Prosenjit Chatterji was so on point with his smarmy Dr. Ahmedi that some left-leaning social activist types must have been squirming in their seats while watching this.

The last actor I want to single out is Tillotama Shome as Dr. Ahmedi’s wife. This was one of those small roles that proves the adage of “no small roles; only small actors.” Though she is only on screen for a short amount of time, Tillotama manages to convey her character’s story as the idealistic student turned world-weary wife with a single glance at Kalki. Where has she been hiding?

All in all, I didn’t find much to pick at in Shanghai. In fact, the only thing I think could have been handled better is the “Imported” item song. The song flowed awkwardly where it was placed and should really have come towards the end of the second half of the film during the party scene. Also, I found the visual composition of the song uncomfortable in the way it wanted to both comment on how the Indian male gaze loves these imported women while at the same time induling that gaze. Was it really necessary to glamorize the foreign girl to that extent? Couldn’t the same song and message have been conveyed without resorting to the same camera angles and tricks they were allegedly mocking? The song was played too straight to be an effective commentary on anything. It would have worked better for me if they had made more of an attempt to pick apart the tropes at use - think “Dil Dance Maare” from Tashan for an example.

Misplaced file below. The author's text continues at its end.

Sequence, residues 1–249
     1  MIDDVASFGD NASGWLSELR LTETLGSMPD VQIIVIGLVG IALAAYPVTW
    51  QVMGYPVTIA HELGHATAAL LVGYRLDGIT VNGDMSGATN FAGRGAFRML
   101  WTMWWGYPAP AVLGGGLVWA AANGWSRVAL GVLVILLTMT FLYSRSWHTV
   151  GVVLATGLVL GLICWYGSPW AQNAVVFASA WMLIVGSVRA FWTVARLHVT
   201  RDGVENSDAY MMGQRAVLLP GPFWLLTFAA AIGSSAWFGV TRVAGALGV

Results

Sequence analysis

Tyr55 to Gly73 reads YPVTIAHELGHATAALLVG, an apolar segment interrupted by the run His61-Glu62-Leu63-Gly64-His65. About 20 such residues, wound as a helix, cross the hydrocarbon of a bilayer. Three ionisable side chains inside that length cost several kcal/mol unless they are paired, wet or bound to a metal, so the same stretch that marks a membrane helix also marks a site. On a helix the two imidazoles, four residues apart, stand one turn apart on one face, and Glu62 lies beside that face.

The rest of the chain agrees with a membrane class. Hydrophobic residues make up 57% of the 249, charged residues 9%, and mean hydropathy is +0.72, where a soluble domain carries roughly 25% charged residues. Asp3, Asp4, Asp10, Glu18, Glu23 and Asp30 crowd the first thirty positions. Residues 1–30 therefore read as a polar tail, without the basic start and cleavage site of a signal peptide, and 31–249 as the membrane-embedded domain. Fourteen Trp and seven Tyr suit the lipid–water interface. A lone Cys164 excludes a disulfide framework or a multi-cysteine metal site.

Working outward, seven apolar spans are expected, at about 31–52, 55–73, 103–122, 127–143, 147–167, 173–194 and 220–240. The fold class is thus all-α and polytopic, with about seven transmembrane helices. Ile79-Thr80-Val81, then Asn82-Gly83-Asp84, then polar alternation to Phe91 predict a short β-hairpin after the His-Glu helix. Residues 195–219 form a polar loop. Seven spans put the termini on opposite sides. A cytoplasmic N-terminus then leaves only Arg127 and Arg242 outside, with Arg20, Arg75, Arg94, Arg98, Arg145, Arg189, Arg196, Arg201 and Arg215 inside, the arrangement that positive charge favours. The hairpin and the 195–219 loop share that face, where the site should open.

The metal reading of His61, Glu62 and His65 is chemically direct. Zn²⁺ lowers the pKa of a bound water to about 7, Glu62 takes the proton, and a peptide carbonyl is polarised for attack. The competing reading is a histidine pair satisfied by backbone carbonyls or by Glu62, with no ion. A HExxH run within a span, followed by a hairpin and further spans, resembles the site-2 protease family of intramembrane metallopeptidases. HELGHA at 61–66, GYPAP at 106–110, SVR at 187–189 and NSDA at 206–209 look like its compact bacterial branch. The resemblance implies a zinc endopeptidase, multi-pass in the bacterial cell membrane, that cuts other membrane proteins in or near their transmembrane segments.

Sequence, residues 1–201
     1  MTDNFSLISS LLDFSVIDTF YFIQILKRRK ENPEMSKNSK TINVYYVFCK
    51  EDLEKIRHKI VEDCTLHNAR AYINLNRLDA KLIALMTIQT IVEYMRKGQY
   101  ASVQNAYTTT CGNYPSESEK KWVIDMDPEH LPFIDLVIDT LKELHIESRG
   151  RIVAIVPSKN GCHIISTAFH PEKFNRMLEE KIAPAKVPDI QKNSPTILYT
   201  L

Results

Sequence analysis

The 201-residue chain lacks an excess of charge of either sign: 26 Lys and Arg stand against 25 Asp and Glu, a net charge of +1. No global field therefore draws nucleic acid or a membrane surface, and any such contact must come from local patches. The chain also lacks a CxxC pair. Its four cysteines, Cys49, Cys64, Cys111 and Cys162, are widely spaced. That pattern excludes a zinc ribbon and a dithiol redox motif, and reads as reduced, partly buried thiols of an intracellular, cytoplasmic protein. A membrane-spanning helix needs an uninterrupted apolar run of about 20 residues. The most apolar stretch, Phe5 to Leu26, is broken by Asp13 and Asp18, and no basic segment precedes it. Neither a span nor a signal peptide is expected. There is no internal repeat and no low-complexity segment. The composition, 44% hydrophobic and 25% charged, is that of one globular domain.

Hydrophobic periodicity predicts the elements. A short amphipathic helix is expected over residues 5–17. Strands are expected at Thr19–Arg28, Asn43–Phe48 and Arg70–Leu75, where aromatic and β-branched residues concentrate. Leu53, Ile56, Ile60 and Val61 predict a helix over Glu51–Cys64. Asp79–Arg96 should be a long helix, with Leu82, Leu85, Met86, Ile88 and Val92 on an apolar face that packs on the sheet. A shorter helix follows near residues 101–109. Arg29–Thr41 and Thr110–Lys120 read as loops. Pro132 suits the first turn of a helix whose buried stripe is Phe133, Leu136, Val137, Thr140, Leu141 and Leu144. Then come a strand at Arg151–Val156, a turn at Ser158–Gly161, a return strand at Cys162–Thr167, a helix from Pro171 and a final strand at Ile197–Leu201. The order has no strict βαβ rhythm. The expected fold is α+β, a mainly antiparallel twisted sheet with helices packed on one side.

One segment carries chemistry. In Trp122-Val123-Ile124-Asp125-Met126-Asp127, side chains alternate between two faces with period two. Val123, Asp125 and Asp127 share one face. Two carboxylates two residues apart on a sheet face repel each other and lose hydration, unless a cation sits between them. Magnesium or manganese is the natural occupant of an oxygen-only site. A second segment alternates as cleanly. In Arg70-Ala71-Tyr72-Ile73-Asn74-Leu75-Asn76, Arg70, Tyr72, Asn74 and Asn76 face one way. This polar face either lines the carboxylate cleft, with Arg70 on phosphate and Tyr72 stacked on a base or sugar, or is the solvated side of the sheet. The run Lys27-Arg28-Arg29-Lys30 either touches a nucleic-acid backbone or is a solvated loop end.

But that’s small beans in comparison to how great the film as a whole is.

If you get a chance to catch Shanghai in the theaters, I highly recommend that you do! It’s got thrills, chills, and some great performances.

2012 is turning out to be a fine year for films.

* I vomit internally every time I have to type that.

** How about a two-hero film for those two,? Eh, producers?